"My mission is to rejuvenate NMS by revisiting both early and late-stage pipeline strategies."

Nanding Zhao


November 03, 2021

Could you introduce NMS Group and its affiliate companies?

NMS is one of the largest kinase inhibitors-focused oncology drug discovery companies in Italy, and one of the early pioneers of the technology in the mid-1990s. The group is made of three entities: NMS Oncology is the drug discovery and development arm of the group, made of about 140 highly skilled scientists; Accelera is our R&D-enabled company, supporting all stages of drug discovery and development for our own pipeline, as well as externally. Finally, NerPharma is a small but fully-fledged API and CMO company, providing scale-up and development of the synthetic route of APIs and FDFs. Today, we are about 420 people in the company, 80% of which have been with us for over a decade.

Could you walk us through some recent milestones?

Since becoming an independent company in 2010, NerPharma developed and manufactured innovative drugs like Eribulin with EISAI, Cladribine with Merck, Encorafenib with Pfizer, and Entrectinib with Roche. Eribulin recently received authorization in China, and Entrectinib entered the American and Japanese markets in 2019, and the European one in 2020.

In 2017, Shanghai-based Hefei SARI bought a 90% holding in NMS. The acquisition and newly injected financial resources allowed NMS to change its previous business model from that of early out-licensing of products to embarking much more comprehensively in the independent clinical development of our pipeline. The period 2019-2021 has seen the opening of clinical trials for the molecules NMS-088 (multikinase inhibitor), NMS-293 (PARP inhibitor), NMS-153 (MPS-1 inhibitor) and NMS-812 (PERK inhibitor), all targeting different BIC/FIC mechanisms, and with multinational clinical development programs taking place in Europe, the US and in China. 

What are NMS’s strengths in kinase inhibitors and ADCs?

Kinases, over 1000 of them, are the largest classes of enzymes, and they are involved in the cell cycle, including the oncogenesis - or the malignant proliferation of cells. Therefore, kinases control the body’s inflammatory and immunological reactivity by controlling the gene expression. NMS has been a key institution in antibiotics like Anthracycline, which is still used today for treating cancers. Our kinase platform comprises more than 100 biochemical assets.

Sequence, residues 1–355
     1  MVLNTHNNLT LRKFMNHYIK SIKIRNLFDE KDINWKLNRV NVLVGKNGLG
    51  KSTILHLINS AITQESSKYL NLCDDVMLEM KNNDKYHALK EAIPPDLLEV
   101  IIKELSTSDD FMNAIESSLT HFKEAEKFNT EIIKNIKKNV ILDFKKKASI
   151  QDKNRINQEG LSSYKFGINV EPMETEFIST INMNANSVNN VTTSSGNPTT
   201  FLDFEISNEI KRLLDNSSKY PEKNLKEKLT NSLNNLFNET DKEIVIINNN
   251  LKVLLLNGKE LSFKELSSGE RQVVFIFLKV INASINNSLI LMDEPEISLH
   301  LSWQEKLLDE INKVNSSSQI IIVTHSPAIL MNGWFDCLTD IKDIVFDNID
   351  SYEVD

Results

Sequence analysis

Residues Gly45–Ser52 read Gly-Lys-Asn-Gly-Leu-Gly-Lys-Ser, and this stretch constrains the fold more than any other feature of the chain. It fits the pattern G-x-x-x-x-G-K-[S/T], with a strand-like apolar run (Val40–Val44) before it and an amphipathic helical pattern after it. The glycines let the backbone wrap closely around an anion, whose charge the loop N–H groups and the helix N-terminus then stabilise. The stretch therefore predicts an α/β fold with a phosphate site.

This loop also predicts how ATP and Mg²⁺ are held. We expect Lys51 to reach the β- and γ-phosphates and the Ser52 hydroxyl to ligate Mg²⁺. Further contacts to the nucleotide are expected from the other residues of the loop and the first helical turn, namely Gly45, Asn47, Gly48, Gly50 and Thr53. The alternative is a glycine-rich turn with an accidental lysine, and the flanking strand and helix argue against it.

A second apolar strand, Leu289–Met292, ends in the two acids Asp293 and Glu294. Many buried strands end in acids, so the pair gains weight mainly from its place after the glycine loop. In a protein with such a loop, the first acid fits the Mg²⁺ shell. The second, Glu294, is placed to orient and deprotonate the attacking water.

Meanwhile, we are also developing a proprietary payload platform for the generation of novel ADCs (antibody drug conjugates). ADCs are extremely potent and selective biopharmaceuticals designed to specifically target cancer cells. Our scientists developed a library of about 80 chemotypes, which expand to a total of 150,000 end-to-end analogues and intermediates. Because of the high toxicity of chemotherapeutic agents, their side effects are unbearable for many people; ADCs have more targeted toxicity against cancer cells. NMS capitalized on our experience in cytotoxic drug discovery to create new toxins tailored to ADC production.

What are your thoughts on Italy and Lombardy as a drug development base?

Italy has a long-standing history in medicine. Today, it has top-tier universities associated with hospitals, and very gifted doctors and scientists. Our clinical teams interact with doctors and medical centers for patient access in clinical trials. However, Italy cannot compete with the US, Japan, China, or other European countries, because it doesn’t have a large innovative pharma industry, though the government looks to strengthen this sector.

We are lucky to be located in Lombardy, which is a cluster for centers of excellence. For the discovery and validation of TRK fusions of our Entrectinib in colorectal cancer, we collaborated with Niguarda Cancer Center in Milan; the result was the development of one of the first precision medicine drugs with agnostic indication.

What is your pipeline strategy and vision going forward?

My mission is to rejuvenate NMS by revisiting both early and late-stage pipeline strategies. For what goes into the pipeline, it’s worth looking at targeting agents and generate more value. We are also exploring the possibility of drug discovery in non-oncology indications. Overall, we are shifting the business model to carry the project later in the development phase through to PLC (proof of concept) or Phase 2 clinical trial, at which stage we can look for a global pharma partner. The second priority is China: Taking note of interethnic genetic differences, we started to focus on cancers that are more common in Asia, such as lung, liver, and stomach cancers.

With the royalties picking up, we will be self-sufficient in about 3-5 years and we can look into new areas of research, completing the transformation of the company. Our vision is to be self-standing, with a healthy pipeline and healthy financials. In the future, we don’t exclude an IPO.


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